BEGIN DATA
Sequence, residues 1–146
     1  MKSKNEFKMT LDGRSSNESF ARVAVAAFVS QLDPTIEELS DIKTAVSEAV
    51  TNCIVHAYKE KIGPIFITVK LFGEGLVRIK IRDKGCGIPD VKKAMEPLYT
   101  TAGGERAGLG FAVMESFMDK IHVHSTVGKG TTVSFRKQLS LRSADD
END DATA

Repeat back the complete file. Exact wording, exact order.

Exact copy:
Sequence, residues 1–146
     1  MKSKNEFKMT LDGRSSNESF ARVAVAAFVS QLDPTIEELS DIKTAVSEAV
    51  TNCIVHAYKE KIGPIFITVK LFGEGLVRIK IRDKGCGIPD VKKAMEPLYT
   101  TAGGERAGLG FAVMESFMDK IHVHSTVGKG TTVSFRKQLS LRSADD